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Unique office of being a former president

 

This editorial appeared in the Pittsburgh Post-Gazette.

We have not heard much from the 44th president of the United States during the last four years. Now he has reappeared. The occasion is the publication of his presidential memoir — “Promised Land.”

The timing is odd. The country is in real distress right now and the new president needs the stage and as much support as he can get.

Barack Obama waited four years to produce this book. Why not wait another year and meanwhile work on … well, any number of needed efforts? Maybe a national relief program for the thousands of homeless who have become invisible and lost their soup kitchens and shelters during COVID-19

Or a jobs program for the thousands of restaurant workers who are now not working.

But there is the former president appearing on all sorts of talk shows, yukking it up with the various hosts, and showing us what we already knew — he’s cool.

So? We know Obama can also be inspirational when he wants to be. He was a good head of state if a sometimes mediocre head of government.

But Obama is not saying much these days that inspires or even comforts. The nation that he promised to heal is more divided and broken than ever. The Democrats never gave President Donald Trump a break and the Republicans are not going to give Joe Biden one.

And Trump (who never got the head of state memo) is going to flout one more presidential norm. Instead of quietly retiring and accepting his fate, he will attempt to keep hold of his party, feed his base red meat and generally harass Biden.

What has Obama got to say about all this?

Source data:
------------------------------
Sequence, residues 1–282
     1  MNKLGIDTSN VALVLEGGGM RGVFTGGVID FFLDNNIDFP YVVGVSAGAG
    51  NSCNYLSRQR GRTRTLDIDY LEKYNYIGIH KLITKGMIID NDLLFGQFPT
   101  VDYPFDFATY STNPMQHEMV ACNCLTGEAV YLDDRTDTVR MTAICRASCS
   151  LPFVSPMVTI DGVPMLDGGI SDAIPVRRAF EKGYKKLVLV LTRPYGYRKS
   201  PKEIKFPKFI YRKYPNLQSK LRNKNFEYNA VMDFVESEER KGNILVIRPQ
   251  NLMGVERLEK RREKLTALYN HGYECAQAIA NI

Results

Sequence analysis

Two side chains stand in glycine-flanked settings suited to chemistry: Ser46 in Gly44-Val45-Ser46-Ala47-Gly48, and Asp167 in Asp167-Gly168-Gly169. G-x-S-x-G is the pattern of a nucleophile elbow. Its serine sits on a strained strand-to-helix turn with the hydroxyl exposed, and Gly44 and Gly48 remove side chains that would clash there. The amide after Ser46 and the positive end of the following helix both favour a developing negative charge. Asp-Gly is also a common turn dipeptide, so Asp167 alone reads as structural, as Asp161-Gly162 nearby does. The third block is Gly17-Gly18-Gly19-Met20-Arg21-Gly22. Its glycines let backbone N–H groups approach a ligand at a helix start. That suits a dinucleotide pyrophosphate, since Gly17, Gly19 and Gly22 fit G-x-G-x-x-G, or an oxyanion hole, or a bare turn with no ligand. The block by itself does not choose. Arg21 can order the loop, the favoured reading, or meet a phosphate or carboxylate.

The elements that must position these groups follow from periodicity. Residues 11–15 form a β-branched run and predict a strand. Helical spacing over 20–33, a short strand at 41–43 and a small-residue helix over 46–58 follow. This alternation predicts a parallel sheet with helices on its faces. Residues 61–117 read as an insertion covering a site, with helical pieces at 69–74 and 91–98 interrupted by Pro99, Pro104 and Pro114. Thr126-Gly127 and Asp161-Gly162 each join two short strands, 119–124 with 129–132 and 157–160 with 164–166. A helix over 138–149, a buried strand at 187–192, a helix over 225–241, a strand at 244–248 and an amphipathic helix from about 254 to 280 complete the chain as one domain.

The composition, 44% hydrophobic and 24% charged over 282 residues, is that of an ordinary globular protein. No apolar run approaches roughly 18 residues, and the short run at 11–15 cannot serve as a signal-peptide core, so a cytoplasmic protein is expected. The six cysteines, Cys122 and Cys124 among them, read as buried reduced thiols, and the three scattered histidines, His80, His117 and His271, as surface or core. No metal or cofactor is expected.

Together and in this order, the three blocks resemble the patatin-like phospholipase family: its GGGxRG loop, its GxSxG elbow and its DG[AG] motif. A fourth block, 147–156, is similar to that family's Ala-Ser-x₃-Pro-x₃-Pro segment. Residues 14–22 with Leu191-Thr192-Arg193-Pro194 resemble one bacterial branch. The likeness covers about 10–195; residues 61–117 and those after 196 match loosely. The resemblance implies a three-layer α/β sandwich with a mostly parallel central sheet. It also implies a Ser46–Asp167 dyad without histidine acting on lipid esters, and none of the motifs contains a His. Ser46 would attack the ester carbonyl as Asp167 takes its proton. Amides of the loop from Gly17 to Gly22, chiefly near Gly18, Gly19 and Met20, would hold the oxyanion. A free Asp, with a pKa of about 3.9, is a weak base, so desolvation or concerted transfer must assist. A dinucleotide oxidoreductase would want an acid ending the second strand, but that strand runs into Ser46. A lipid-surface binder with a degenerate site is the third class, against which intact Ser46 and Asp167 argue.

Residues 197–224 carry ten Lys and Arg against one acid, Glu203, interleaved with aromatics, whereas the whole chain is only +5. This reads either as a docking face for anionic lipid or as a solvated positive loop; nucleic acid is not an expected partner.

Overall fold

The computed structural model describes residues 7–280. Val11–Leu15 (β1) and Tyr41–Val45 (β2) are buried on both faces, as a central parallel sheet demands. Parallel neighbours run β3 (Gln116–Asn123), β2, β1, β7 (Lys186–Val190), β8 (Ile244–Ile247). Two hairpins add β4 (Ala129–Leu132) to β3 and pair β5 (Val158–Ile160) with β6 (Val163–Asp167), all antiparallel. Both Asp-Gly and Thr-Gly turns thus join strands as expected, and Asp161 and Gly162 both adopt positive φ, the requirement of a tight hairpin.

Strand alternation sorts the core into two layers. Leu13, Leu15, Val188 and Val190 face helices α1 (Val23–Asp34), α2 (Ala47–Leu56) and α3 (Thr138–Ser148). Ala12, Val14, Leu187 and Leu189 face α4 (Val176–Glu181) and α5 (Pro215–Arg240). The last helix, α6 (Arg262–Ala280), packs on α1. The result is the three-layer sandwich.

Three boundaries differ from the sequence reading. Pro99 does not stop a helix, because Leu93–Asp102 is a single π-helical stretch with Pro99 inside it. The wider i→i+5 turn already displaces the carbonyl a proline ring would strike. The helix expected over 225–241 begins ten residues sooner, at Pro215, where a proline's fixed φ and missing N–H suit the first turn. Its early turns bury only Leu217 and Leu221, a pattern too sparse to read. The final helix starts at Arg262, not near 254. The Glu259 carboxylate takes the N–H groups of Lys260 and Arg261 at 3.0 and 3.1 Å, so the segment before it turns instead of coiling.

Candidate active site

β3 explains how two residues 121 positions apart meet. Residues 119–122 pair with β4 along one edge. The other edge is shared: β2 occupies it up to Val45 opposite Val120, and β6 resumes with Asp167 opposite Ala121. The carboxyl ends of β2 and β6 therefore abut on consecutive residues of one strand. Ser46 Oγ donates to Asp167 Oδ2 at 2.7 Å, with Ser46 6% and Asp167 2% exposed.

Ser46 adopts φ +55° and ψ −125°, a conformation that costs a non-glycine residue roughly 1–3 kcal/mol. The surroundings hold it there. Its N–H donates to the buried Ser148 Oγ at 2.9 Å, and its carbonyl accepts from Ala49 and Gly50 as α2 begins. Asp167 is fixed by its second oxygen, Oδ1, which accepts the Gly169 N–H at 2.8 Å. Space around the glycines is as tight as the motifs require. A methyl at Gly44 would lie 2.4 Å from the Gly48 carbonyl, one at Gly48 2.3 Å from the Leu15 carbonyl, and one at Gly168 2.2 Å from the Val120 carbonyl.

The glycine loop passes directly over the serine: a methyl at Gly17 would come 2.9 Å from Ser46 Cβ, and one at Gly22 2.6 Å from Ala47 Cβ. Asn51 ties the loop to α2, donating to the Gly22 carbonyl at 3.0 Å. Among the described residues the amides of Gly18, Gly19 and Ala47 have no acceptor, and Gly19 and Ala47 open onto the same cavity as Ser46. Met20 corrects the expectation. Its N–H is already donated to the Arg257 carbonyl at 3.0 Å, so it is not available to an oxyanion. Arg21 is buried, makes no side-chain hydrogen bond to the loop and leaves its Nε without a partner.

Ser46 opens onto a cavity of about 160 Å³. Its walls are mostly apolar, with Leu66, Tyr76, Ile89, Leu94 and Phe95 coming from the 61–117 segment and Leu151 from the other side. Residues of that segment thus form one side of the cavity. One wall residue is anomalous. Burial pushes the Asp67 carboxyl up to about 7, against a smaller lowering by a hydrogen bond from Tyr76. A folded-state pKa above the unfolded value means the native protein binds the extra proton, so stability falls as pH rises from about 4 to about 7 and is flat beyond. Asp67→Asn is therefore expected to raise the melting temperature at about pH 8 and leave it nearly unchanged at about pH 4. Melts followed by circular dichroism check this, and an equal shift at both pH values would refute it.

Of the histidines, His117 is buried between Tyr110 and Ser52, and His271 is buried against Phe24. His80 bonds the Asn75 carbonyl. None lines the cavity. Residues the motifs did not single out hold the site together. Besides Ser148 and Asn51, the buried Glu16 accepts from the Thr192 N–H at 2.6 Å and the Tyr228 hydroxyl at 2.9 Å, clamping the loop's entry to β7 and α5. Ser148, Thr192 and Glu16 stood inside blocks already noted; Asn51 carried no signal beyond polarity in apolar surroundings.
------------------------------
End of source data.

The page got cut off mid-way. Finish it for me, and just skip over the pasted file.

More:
Not much.

What is he up to these days? Not registering voters or trying to save the Black family or trying to stop the violence in Chicago. (He never moved back. He stayed in Washington, D.C.) No, he has become a TV producer, of all things.

Has Obama changed? Were we wrong about him all along? Was there less there than met the eye, and more vanity and smugness than we dared admit? Was there not all that much hard thinking behind the pretty words?

Maybe we are better off with presidents who promise only to be good caretakers and not to be hope or change personified. Without Lyndon Johnson, John F. Kennedy’s Camelot would have been only a fable. Maybe Joe Biden will get more done than Obama even tried to accomplish.

Or has Obama simply not found his former presidency? It’s a unique office being a former president.

Bill Clinton was a pretty solid president and an embarrassing former president.

George W. Bush was quiet and did his charitable work quietly.

Herbert Hoover, Harry Truman and Dwight Eisenhower managed their former presidencies well.

William Howard Taft went on the Supreme Court, which some hoped Obama would do.

Jimmy Carter, as everyone knows, gave us the best former presidency of all — advocating for human rights, overseeing fair elections around the globe and building houses for people who did not have them. He actually picked up a hammer and worked. And he taught Bible study every Sunday.

Carter just did good, wherever and whenever he could. He used his former presidency well and caused many to rethink their opinion of the man. His service raised his stature.

Obama’s ex-presidency is, so far, going the way of Clinton’s: His self-absorption is diminishing him.

The nation is on the brink of a real public health and economic collapse, and for a while it seemed we might have a constitutional crisis, with Trump refusing to admit his defeat and the legitimacy of the election.

And Obama has nothing better to do than hawk a book on the talk-show circuit?

The former president is still young. There is time for another, and better, chapter.

 

The Day editorial board meets regularly with political, business and community leaders and convenes weekly to formulate editorial viewpoints. It is composed of President and Publisher Tim Dwyer, Editorial Page Editor Paul Choiniere, Managing Editor Izaskun E. Larrañeta, staff writer Julia Bergman and retired deputy managing editor Lisa McGinley. However, only the publisher and editorial page editor are responsible for developing the editorial opinions. The board operates independently from the Day newsroom.

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